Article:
For purposes of this article, I wanted to give some thought into which exercise I would pick if I could only pick ONE.
Let's say I have an athlete, and they only have time for one exercise per week.
I think this will be an awesome thought experiment AND also provide insights into how you should be prioritizing your golf training if you're limited on time.
Let's give it a try.
First, how many muscles does it stress?
There isn't an exercise that truly stresses only one muscle... it's not possible.
But some exercises stress more muscles and some stress fewer.
For example, a bicep curl will effect the muscles responsible for elbow flexion and also the synergistic muscles of the shoulder and forearm... so it maybe stresses 6-10 muscles (not including the many miniscule finger muscles)?
But an RDL will stress the muscles of the forearm, upper back, mid back, lower back, glutes, hamstrings and calves. Further, each of these segments contain many individual muscles that make up the muscle group as a whole... so it probably stresses 50+ muscles?
The obvious answer here is that the exercise we choose must be multi-muscle. It needs to train both the lower and upper body in some capacity. We need to maximize the bang-for-our-buck that we get!
Secondly, is it easily PROGRESSED and INTENSIFIED?
The exercise we pick today needs to be easy to progress.
It also needs to be intense enough to actually create adaptations.
We need to be able to add load to the exercise, add volume, change the tempo, and alter it in ways to produce many adaptations.
I love walking, but it's not very easily progressed and nowhere near intense enough to create the necessary strength and power adaptations we're looking for.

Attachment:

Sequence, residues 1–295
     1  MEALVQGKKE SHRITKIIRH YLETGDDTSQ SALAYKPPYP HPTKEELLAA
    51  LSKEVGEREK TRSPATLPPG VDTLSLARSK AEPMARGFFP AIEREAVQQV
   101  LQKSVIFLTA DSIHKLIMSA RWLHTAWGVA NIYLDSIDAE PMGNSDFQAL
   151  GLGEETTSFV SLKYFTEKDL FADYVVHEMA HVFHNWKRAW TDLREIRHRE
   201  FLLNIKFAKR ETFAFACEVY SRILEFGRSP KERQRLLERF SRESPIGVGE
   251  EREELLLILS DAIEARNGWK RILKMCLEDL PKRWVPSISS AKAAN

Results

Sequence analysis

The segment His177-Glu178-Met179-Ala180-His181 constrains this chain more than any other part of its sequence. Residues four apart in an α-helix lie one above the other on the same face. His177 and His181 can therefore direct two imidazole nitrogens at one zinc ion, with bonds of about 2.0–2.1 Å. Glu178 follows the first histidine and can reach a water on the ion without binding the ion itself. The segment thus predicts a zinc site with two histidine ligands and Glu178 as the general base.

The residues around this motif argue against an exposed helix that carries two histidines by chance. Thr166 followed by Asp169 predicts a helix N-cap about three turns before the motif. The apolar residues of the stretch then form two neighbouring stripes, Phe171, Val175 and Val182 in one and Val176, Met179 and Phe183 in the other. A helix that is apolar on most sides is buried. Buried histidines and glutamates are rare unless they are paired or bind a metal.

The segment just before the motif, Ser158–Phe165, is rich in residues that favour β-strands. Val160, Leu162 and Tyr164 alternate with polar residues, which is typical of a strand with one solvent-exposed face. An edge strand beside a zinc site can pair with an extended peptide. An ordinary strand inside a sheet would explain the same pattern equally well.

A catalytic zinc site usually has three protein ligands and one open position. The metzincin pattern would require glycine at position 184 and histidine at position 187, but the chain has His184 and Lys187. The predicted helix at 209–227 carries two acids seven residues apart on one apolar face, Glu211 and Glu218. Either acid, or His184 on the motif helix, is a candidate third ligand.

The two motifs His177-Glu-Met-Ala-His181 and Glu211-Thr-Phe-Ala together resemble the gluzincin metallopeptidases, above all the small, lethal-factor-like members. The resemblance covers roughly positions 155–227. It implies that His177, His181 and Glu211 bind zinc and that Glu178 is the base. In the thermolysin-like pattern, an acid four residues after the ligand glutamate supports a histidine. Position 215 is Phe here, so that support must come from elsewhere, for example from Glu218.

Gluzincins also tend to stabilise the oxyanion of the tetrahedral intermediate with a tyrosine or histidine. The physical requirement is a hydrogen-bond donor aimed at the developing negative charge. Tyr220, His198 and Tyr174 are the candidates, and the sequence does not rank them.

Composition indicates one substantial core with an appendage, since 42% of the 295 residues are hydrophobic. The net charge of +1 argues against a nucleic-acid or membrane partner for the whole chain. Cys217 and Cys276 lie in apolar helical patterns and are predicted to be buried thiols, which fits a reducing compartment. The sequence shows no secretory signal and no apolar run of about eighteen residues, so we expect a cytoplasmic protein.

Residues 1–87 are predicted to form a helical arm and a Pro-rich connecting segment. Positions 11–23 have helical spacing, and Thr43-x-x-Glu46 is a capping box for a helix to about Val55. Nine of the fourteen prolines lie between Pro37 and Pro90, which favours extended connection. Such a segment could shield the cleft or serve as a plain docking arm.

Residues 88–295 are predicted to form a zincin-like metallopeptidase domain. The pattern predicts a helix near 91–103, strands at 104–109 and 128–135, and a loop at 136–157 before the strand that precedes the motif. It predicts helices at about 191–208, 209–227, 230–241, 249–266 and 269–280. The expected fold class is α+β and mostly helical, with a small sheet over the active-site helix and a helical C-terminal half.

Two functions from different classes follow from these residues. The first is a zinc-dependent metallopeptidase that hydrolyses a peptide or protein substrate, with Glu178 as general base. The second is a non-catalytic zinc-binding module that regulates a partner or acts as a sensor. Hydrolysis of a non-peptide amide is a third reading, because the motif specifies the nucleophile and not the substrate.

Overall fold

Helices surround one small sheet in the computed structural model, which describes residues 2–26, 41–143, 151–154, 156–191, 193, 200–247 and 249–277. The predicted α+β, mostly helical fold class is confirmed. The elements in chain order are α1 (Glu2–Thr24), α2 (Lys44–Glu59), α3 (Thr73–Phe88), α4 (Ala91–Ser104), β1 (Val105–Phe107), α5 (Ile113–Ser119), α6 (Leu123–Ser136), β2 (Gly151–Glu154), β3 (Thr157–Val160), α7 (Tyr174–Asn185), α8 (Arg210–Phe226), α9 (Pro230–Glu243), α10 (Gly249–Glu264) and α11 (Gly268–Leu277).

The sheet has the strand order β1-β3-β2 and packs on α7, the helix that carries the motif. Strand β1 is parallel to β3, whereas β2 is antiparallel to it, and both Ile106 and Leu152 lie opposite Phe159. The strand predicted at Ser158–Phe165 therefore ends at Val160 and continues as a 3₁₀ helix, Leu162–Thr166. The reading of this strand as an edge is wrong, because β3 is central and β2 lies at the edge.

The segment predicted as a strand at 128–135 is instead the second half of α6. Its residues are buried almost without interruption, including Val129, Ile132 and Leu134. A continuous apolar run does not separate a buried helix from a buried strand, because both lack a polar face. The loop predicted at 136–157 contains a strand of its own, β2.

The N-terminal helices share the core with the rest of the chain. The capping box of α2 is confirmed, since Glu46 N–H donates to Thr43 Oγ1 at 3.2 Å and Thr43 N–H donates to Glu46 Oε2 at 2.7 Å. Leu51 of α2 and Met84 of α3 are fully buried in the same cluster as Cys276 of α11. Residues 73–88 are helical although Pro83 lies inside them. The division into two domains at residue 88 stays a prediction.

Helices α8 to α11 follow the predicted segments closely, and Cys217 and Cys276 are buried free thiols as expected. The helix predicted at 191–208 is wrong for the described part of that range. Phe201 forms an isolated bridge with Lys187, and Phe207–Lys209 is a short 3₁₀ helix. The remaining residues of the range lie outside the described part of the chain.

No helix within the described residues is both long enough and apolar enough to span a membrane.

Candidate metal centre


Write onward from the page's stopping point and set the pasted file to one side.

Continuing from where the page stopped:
Similar for plyometrics and jumping exercises... they are difficult (impossible?) to add load to in order to create strength adaptations.
Thirdly, what positions does it expose us to?
The exercise we select should expose our body to positions that will help prepare us for our golf swings and lives.
For example, the golf swing requires large amounts of hip, spine and shoulder mobility.
While it will be difficult to select a singular exercise that exposes all three of these joints to expanded positions, they are important to consider.
So, let's pick ONE.
This is tough... But I am going with the
(Drum roll please)
Honorable mentions included:
I chose the hexbar deadlift for three reasons:
First, it stresses many muscles and positions. It challenges the lower body squat/hinge pattern as well as isometrically maintaining shoulder extension.
Secondly, it is easily progressed via increasing the weight or attacking it with more speed.
Lastly, the positions it exposes us to will help prepare us for the sport of golf. It will mobilize our hips. It will strengthen our low back (a common injury spot) as well as our lats, forearms, upper back, quads, and glutes.
What do you think? Did I get it right? Would you have chosen a different exercise?
Let me know in the comments below!
This was a fun though experiment into why we select certain exercises in our training.
Moral of the story... do some deadlifts!
But also don't forget about all of the other exercises.
I'm grateful that we DO NOT have to simply choose one exercise.
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Founder and Head Coach - SCRATCHGolfTraining.com
Carter is a strength and conditioning coach out of the Milwaukee area working with athletes, in-person and virtually. Having helped hundreds of athletes, ranging from the middle school to the professional level and beyond, Carter brings a breadth of experience and knowledge to every athlete he works with. He launched SCRATCHGolfTraining.com in the summer of 2021 to help empower golfers to greater performance and longevity.
Carter believes ALL golfers are athletes, and they should be training accordingly.
Become a SCRATCH Athlete today, and start training like the ATHLETE you are!